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Letter from Abigail Adams to John Adams, 7 February 1795

My Dearest Friend

On thursday I received a Letter from Col Smith informing me of the Birth of a Grandaughter. This You may be sure was much more agreable to me than to have heard of an other Boy. Mrs Smith is finely too, he writes me. This is an additional Blessing to hear of the Safety of our Dear Children abroad, and to receive the news of our Daughters being well abed and with a Daughter, has given such a Spring to my Spirits, that if your return was a Month later I would meet you at New York.

The climate is reversed. You have all the Snow and Winter with you. Our people have not been able to go once this Winter with a Sled into the Woods, and but for some Ice they could not have sleded a single Stone. The Harbour has been open the whole Season. The Rivers froze for about ten days. We have frequent and abundent southerly Rains. I hope you will not have so dissagreable a Time Home as you apprehend, tho March ishas frequently bad Roads.

We have as usual a derth of News. No arrival from abroad, and as to Domestics occurrences I go so little from Home, that I know very little of them.

Our Friends here are well as usual. Till within this fortnight it has been remarkably Healthey in Town. Our Neighbour Mr. Blacks Family are very sick. A Cousin of Mr. Blacks is very Bad with the fever and Ague which he took in N York State a Year ago. Jimmy and the other Man are sick with a Lung fever. I believe Mr. Blacks Cannel and the Situation of House, are not Healthy. Your Mother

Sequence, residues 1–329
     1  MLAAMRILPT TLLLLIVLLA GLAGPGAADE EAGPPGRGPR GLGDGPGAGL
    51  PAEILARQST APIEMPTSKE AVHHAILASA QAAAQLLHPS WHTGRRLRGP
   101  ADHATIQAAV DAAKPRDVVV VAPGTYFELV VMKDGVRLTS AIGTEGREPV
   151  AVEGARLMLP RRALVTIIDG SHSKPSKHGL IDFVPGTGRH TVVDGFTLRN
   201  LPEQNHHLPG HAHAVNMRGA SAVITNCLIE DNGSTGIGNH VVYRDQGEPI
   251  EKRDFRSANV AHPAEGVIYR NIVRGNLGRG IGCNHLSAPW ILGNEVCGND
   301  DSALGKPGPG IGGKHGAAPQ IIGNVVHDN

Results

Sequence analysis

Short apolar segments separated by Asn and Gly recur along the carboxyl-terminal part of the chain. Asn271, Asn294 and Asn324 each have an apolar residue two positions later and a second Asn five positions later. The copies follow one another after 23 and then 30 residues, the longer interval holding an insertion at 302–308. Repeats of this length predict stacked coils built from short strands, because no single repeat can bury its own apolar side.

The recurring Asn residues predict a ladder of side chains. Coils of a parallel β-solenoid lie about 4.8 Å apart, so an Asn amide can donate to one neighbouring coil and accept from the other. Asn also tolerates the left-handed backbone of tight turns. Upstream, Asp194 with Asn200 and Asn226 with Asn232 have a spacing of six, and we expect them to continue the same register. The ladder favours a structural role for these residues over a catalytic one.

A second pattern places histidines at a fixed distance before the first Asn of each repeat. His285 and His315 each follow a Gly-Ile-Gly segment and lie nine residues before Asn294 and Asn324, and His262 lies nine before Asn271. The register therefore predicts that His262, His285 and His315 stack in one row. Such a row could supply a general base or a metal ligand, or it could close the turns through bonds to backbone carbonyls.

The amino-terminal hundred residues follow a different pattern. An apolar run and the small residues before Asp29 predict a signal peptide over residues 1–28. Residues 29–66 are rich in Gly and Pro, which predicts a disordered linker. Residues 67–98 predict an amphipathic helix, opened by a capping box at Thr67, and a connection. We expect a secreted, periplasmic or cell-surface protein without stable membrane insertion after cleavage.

has past through this Winter very comfortably. She has not misst a single Week through the Winter spending a Day with me. I expect her to day as I have sent the chaise for her.

Since I began this Letter a vessel has arrived this Day. The News from England I have not yet learnt only that Amsterdam was not taken. The 13 december I have a Letter from Mrs. Copley dated 15 Novbr.

Many vessels saild for N York and Boston about the same time. I think we may look for News of importance daily. France must dread a General Peace. What will such a Nation do with such Armies and no Government? It sees to be the Age of Political Wonders.

I hope a few weeks more will return you in Health and Safety to your ever affectionate

Abigail Adams

[Envelope -- see page image]

[Endorsement -- see page image]

Cite web page as: Letter from Abigail Adams to John Adams, 7 February 1795 [electronic edition]. Adams Family Papers: An Electronic Archive. Massachusetts Historical Society. http://www.masshist.org/digitaladams/
Original manuscript: Adams, Abigail. Letter from Abigail Adams to John Adams, 7 February 1795. 3 pages. Original manuscript from the Adams Family Papers, Massachusetts Historical Society.
Source of transcription: Adams Papers Editorial Project. Unverified transcriptions.
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